Results of Bath Breakfast Project revealed
Researchers at the University of Bath have conducted the first ever randomised controlled trial to examine the effect of regular daily breakfast when compared with extended morning fasting, to measure all components of energy balance.
Contrary to popular belief, they found little impact on snacking or portion sizes later in the day and no evidence whatsoever of any change in resting metabolism. However, they did find that that those eating breakfast are likely to expend more energy during daily physical activities.
The findings, published today (Thursday 5 June) in the leading nutrition journal American Journal of Clinical Nutrition, are part of the Bath Breakfast Project, a randomised controlled trial funded by the Biotechnology & Biological Sciences Research Council (BBSRC).
As part of the three-year study, the team at Bath randomly allocated people aged between 21 and 60 years into either a ‘fasting group’ – who consumed no calories until lunchtime (12:00) everyday for six weeks – and a ‘breakfast group’ – prescribed at least 700 kcal by 11:00 daily for six weeks, with at least the first half consumed within two hours of waking.
Principal Investigator Dr James Betts from the University’s Department for Health explained:
One key novel aspect of the experiment was the use of portable monitors to accurately measure participants’ daily activities. Co-author Dr Dylan Thompson commented:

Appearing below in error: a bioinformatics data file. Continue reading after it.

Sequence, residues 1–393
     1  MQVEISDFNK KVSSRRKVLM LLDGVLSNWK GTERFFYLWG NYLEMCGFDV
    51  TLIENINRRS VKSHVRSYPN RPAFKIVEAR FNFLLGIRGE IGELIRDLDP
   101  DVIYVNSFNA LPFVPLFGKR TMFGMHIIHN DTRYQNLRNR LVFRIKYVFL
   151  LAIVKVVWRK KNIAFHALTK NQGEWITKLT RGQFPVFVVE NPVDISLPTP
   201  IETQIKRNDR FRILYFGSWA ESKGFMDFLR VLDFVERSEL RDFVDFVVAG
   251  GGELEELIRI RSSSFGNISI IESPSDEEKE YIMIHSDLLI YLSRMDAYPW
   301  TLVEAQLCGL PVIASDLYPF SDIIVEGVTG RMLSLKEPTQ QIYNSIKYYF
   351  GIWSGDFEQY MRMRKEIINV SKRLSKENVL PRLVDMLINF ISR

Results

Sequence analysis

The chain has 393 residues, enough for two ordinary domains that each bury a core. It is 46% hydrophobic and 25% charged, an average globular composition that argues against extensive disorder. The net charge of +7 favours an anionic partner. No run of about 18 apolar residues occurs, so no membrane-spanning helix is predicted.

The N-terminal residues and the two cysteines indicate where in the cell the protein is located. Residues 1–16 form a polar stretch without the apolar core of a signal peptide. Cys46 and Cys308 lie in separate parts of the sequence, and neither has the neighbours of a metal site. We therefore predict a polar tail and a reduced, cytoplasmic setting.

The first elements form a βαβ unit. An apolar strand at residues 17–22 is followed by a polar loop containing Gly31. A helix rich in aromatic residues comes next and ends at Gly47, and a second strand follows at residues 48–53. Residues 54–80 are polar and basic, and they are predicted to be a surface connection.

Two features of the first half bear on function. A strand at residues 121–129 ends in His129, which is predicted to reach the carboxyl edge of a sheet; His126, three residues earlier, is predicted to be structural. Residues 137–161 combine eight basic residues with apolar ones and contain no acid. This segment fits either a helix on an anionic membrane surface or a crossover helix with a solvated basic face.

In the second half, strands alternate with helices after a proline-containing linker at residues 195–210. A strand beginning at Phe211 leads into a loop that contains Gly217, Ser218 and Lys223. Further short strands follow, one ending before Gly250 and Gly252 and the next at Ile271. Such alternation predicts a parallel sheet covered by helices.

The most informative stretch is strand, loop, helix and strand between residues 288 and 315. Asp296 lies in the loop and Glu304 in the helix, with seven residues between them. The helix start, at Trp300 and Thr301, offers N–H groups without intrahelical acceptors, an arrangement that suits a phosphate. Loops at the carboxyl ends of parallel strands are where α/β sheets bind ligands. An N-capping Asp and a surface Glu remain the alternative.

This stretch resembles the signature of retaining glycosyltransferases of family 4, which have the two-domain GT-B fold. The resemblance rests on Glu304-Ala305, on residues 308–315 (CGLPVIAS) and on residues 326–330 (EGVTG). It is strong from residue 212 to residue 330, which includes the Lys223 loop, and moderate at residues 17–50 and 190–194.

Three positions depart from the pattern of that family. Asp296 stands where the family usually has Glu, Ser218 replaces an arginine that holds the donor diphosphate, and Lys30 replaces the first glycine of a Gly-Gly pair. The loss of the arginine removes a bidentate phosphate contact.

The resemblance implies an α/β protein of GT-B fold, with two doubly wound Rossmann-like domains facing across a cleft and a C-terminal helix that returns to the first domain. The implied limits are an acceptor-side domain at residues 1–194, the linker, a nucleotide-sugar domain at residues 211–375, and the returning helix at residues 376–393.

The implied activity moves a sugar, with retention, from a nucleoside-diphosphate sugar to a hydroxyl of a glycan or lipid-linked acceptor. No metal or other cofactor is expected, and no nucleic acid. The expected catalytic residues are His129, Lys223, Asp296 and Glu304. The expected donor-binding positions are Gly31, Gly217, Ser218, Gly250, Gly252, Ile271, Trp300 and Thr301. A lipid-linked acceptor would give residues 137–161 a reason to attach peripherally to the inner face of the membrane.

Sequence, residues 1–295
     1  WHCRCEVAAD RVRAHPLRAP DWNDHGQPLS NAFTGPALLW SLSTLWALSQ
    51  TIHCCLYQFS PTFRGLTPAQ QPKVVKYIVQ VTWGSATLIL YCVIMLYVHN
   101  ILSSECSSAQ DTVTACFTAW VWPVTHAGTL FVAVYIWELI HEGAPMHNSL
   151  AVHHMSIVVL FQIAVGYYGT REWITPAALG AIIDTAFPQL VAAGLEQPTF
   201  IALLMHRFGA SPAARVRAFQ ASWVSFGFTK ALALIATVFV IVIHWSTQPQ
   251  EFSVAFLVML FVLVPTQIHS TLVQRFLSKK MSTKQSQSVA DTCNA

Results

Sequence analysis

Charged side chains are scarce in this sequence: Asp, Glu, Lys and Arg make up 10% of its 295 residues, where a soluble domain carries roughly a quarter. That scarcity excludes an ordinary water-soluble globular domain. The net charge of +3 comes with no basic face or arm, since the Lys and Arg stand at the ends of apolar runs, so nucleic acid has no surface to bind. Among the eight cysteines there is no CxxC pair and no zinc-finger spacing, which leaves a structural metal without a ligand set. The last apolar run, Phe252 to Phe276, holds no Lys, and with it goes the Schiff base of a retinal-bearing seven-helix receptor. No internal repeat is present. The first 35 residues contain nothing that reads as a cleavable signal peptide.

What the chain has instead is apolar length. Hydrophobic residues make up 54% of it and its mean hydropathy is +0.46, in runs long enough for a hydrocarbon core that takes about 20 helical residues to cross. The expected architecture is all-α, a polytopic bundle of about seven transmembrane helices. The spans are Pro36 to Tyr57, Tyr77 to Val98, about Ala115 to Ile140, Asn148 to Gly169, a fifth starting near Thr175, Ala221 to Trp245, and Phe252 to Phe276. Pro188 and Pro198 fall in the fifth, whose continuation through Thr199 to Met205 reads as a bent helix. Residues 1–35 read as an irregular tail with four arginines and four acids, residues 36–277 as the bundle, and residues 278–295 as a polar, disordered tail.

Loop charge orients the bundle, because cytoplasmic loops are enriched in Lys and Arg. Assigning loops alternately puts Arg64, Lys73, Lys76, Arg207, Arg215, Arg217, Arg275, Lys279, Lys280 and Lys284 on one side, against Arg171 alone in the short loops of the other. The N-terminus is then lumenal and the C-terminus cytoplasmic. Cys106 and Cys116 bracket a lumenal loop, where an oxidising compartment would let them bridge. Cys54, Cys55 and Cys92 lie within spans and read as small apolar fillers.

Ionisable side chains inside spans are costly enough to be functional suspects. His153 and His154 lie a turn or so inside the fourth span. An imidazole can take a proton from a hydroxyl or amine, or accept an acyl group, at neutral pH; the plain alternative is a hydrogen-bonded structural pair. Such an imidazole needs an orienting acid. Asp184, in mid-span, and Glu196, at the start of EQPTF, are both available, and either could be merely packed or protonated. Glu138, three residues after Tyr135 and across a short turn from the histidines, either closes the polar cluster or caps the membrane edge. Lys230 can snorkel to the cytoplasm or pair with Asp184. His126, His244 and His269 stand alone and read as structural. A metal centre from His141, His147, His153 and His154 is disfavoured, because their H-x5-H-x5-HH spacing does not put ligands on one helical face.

Commenting on other research findings, Enhad Chowdhury added:
Through the study, the fasting group consumed around 20 per cent less energy than the breakfast group overall each day, indicating that they did not compensate for the energy missed at breakfast by eating more later on.
For Enhad Chowdhury:
Finally, the study reports no negative cardiovascular effects of fasting until midday everyday for six weeks, but some interesting effects on metabolic control.
Dr Judith Richardson who managed the trial noted:
These molecular assessments were complemented by data from a portable device that measured glucose levels, which revealed less tightly regulated glucose control during the afternoon and evening in the fasting group than in the breakfast group by the final week of the trial.
The second phase of this trial will report results from a more overweight study population.
The open-access paper published in AJCN, ‘The causal role of breakfast in energy balance and health: a randomized controlled trial in lean adults’ is available to the public will be available from 8pm, 4 June via http://ajcn.nutrition.org/content/early/recent.